Published date: July 7, 2021. 21:52
It is not necessarily a bad thing if your Estonian company has a registered PE (permanent establishment) in another state; it just means that your company has a taxable presence there. This is in fact quite common for businesses operating cross-border and with activities carried out in multiple locations. In practice, if a PE is created and has more material business activities, it is often registered in the form of a branch (filiaal in Estonian). For more information about a branch, contact your local legal adviser.
As mentioned above, separate registration, accounting and reporting obligations might arise when a PE is created.
The PE of the Estonian company will be taxed in accordance with the rules of the country where the PE is located and will be considered a “separate entity” for tax purposes. This means that the PE will pay taxes based on profits attributed to or earned by it. The income is normally determined by applying the arm’s length principle – a common concept in dealings between related parties to ensure that transfer prices reflect market terms.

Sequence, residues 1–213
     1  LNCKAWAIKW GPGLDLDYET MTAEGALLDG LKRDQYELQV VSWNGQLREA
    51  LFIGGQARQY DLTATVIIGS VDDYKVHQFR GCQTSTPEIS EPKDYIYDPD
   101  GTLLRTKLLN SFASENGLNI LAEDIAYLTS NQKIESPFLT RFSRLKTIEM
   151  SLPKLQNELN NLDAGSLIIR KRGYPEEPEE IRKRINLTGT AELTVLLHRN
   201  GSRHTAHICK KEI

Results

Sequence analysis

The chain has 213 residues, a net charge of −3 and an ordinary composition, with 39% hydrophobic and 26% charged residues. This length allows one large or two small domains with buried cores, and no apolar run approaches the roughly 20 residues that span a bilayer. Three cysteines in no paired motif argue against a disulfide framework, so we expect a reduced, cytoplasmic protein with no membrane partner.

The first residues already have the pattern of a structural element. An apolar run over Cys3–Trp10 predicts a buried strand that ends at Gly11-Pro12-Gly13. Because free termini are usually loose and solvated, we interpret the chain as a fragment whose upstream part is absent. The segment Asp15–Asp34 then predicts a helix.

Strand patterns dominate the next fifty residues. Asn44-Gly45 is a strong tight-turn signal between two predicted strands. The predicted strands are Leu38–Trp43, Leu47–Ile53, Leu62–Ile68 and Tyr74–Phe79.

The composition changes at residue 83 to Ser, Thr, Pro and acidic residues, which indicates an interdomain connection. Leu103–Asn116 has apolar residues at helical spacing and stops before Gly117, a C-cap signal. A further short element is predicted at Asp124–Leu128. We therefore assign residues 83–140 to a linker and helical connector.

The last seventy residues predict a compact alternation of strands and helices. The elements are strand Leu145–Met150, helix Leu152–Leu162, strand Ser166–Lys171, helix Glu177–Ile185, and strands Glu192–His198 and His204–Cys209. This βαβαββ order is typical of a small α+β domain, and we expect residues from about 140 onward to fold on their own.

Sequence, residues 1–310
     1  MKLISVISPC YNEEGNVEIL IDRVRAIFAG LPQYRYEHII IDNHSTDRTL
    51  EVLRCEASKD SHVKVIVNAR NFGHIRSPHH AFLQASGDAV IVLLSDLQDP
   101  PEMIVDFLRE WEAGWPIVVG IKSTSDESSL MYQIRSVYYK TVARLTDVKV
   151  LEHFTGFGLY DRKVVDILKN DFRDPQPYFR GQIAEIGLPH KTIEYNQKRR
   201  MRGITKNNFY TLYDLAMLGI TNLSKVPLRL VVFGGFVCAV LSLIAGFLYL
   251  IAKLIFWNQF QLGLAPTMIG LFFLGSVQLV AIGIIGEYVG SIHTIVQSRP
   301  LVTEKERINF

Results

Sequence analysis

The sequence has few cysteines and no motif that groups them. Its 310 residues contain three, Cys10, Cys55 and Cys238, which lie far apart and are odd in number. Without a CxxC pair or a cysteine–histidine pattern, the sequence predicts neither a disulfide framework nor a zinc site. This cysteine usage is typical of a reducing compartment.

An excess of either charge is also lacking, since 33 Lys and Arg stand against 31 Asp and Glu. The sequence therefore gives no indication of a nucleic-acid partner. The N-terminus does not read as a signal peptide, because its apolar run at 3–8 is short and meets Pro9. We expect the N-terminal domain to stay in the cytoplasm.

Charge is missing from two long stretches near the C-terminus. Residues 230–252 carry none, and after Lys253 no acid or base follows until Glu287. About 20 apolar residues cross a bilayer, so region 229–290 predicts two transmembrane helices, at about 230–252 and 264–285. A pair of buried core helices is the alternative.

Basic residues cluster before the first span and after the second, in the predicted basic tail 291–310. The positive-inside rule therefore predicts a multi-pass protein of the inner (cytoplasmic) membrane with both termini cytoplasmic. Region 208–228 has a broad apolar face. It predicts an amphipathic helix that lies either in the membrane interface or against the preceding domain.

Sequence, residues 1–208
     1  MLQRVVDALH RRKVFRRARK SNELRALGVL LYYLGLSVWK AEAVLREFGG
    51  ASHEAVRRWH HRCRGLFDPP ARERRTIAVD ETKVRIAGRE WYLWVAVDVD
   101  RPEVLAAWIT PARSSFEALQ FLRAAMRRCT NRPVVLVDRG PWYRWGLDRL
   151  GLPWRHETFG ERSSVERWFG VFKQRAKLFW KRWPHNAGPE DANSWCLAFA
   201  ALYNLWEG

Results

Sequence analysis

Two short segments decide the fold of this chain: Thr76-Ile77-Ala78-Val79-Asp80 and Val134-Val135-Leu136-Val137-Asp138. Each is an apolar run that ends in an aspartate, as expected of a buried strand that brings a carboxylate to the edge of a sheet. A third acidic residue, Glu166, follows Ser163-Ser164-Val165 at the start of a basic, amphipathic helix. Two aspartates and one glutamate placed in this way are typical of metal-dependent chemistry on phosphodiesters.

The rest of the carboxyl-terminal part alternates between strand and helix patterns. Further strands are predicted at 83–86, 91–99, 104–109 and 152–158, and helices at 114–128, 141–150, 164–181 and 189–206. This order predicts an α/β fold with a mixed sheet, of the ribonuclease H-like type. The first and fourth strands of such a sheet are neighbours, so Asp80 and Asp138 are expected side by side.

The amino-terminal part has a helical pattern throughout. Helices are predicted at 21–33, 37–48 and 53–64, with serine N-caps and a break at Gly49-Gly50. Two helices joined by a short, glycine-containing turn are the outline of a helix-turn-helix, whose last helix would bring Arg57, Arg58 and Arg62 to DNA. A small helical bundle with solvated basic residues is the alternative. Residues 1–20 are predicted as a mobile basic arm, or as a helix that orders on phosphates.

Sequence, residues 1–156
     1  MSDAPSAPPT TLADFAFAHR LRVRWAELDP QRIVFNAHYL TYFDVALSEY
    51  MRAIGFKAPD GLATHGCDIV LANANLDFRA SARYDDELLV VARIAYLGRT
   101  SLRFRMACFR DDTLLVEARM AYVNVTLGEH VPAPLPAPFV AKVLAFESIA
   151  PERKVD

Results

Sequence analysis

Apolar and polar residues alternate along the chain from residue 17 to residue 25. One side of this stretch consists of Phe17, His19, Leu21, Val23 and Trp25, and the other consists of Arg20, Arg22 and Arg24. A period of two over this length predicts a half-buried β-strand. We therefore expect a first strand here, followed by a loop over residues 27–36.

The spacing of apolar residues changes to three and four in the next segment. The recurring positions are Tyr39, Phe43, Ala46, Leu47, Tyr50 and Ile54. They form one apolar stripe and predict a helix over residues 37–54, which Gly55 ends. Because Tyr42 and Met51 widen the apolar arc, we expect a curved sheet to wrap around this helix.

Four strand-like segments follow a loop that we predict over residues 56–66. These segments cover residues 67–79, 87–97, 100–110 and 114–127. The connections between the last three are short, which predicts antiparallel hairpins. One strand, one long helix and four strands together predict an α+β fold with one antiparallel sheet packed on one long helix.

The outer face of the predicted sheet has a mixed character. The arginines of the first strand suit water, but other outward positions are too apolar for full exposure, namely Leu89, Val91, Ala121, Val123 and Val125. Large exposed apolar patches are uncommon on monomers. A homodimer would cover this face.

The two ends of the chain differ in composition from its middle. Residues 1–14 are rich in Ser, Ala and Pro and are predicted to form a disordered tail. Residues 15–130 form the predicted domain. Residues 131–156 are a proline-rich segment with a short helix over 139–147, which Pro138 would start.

Profit attribution rules are intricate and ever-evolving, so we will not go into too much detail. Usually a two-step analysis is needed to arrive at a fair amount of profit that a PE should generate. If you’re interested in how this works, generally accepted and followed guidelines are updated and published by the OECD. The main principle is that profit should be taxed where value is generated but also that the PE should be able to deduct taxable expenses necessary for earning the profit.